Laughs, groans, shouting, interactive silliness and sumptuous artistic elegance

Laughs, groans, shouting, interactive silliness and sumptuous artistic elegance

Eileen Caiger Gray reviews Cinderella at Sheffield Lyceum (Dec 10th 2019)

With the panto season underway, stalwart panto-goers countrywide are out in force, all fired up to get overexcited, interactive and very, very loud. Last year in Sheffield, it was Tinkerbell and Jingle Bells: this year it’s decibels, decibels all the way.

Directing the pounding music for Sheffield’s Cinderella (a lass so mistreated that her picture doesn’t even feature on the front of the programme with the other characters) is MD/keyboardist James Harrison, whose frenetic enthusiasm has him in constant danger of tumbling headfirst into the auditorium from his theatre box as he revs up his turbo-charged band, located in the boxes opposite. As the drummer lets rip behind a transparent screen, the chaps on guitars, saxes and flute are up and rockin’, lines are loudly delivered, and the audience is whipped into frequent shouting/clapping frenzies. All ensures volume and pace rarely flag, with a conga and a sing-along thrown in for good measure.

Oliver Watton in Cinderella - Credit Pamela Raith

Oliver Watton in Cinderella

The designers’ overtime all pays off with a glorious set and costumes. From snowy woods with Christmas card glitter and Olde Worlde shops and fair stalls to drab kitchen or shiny, golden palace, every scene is beautiful. Ditto the myriad outfits ranging from strictly traditional to strictly modern and on to downright dazzling. Even Cinderella’s “rags” are more smart casual than hint of tatters, while the Panto-Dame extravaganzas earn top marks for being outrageous yet beautiful in incorporating diamante skulls, crazy tartans, zebra stripes, lamp-stands, lampshades, the synthetic, green fur of a deceased Orville, and many a weird and wonderful shape and arrangement of bosoms. The Donaldina/Melania double act of Damien Williams (now on his 12th Sheffield Dame) and award-winning Dame, Matt Daines – one little, one large but both larger than life – is a big hit, and the annual rituals of ghost-bench routine and the wheeling on of a literal cartload of groan-inducing puns have regulars in raptures, easily ensuring they Always Look on the Bright Side of Life. By the final encore they’re on their feet and going wild!

In this PC age of pantomime, it’s established early on by precocious, mouthy, 8-year-old feminist flag-waver Mildred (Tillie Copley of the excellent singing/dancing Purple Team) that Cinderella is (of course!) a feisty, spirited individual who cooks only when she fancies and needs no man to “look after her”. Traditional fairytale elements thus cast out and social media references tossed in, Paul Hendy’s Cinderella hardly lifts a finger, and far from a life of endless skivvying and being cruelly put-upon, she just suffers some mild mocking and stylised meanness from her ugly half-siblings. Evelyn Hoskins is a sweet, sweet, nice, nice, happy, happy Cinders. No surprise, then, that it’s rejected sweetheart, Buttons, who wins all the hearts and sympathy, CBeebies’ Mister Maker, Phil Gallagher, creating a warm, intimate rapport that has the audience rooting for him all the way.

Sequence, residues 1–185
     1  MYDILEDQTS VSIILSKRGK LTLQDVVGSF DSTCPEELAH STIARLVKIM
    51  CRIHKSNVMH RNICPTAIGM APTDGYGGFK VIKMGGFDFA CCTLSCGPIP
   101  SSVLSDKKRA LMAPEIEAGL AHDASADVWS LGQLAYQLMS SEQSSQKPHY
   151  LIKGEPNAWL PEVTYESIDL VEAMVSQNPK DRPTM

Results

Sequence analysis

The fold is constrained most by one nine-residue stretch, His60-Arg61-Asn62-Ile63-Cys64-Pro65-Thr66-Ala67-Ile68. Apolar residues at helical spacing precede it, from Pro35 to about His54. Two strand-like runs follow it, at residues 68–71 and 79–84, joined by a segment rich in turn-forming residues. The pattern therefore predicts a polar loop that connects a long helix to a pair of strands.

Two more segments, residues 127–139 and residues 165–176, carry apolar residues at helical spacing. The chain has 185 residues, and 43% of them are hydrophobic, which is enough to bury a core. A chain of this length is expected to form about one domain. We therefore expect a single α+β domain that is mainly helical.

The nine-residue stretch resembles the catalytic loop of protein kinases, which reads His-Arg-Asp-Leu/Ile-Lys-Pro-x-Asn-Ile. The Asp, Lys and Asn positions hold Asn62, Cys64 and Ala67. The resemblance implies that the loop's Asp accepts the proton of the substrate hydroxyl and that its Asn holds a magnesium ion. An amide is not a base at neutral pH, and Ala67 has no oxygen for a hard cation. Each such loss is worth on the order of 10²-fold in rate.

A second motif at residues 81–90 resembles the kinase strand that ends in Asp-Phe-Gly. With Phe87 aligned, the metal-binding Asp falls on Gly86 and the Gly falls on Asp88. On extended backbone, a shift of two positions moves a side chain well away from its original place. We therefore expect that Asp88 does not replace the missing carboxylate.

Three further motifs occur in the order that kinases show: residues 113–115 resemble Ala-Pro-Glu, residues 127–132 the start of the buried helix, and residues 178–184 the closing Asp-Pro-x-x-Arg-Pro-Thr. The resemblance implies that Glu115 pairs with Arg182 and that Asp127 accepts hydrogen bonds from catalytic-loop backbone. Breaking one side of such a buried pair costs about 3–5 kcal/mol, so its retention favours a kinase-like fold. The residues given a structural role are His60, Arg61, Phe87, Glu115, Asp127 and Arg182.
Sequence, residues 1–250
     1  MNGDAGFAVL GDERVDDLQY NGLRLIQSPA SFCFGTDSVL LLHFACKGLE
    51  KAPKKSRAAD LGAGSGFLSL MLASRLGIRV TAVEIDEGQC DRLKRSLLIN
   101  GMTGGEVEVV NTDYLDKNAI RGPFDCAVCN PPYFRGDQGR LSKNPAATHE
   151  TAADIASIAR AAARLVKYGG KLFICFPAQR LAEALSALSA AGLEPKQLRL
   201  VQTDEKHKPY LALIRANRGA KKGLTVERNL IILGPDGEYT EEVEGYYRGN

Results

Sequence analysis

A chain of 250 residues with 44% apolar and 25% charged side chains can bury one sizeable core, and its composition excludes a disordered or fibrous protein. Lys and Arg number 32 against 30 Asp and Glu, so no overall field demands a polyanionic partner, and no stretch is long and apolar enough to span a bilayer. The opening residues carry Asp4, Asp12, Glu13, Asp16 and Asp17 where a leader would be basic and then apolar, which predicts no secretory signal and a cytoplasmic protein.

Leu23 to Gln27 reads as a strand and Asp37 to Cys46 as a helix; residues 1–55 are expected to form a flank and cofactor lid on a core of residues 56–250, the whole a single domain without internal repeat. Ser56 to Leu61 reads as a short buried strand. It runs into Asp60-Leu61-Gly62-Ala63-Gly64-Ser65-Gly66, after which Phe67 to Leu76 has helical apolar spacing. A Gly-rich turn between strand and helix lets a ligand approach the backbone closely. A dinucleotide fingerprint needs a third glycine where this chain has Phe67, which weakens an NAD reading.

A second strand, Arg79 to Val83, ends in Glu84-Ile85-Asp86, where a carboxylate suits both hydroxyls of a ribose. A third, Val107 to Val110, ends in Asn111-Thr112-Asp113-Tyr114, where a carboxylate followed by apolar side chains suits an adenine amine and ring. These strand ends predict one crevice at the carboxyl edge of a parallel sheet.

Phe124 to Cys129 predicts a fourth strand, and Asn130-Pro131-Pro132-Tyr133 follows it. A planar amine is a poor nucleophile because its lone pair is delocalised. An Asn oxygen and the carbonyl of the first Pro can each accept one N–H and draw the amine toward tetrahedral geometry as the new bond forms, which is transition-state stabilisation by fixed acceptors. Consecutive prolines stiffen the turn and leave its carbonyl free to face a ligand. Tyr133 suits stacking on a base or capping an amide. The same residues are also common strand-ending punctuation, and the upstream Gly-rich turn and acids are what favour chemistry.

Matt Daines and Damian Williams in Cinderella - Credit Pamela Raith

Matt Daines and Damian Williams in Cinderella

A video Paul O’Grady as Fairy Superior adds a special touch, and for full-on pizzazz there’s some proper “Strictly” dancing with rough diamond fairy godmother Joanne Clifton, and the Uglies, dressed as Twice Daly and blinded-by-the-hair Claudia Winkleman. Superb strut and balletic stretchiness come from a smiling, charismatic Lewis Herring, a dazzling gold coach and horse ride up into the air, but topping all, on ropes of floating silk come the stunning aerial acrobatics of Duo Fusion UK. Provoking gasp after gasp of genuine amazement, their elegant grace and ambitious, gravity-defying moves rival the great Cirque du Soleil. Sung below, the romantic duet of Cinders and Prince Charming (a Prince who, naturally, doesn’t sweat) goes largely unnoticed! Cinderella’s This Is Me solo offers no distractions, though, and earns more appreciation, as do the excellent ensemble and Ben Thornton in Boom, Shake the Room! (in spite of Thornton’s Dandini being far too poshly spoken to fit the requirements of the script).

Laughs, groans, shouting, interactive silliness and sumptuous artistic elegance make this Sheffield Theatres-Evolution Productions Co-Production a big success. Yes, and the ghosts were behind them. OH! Yes they were!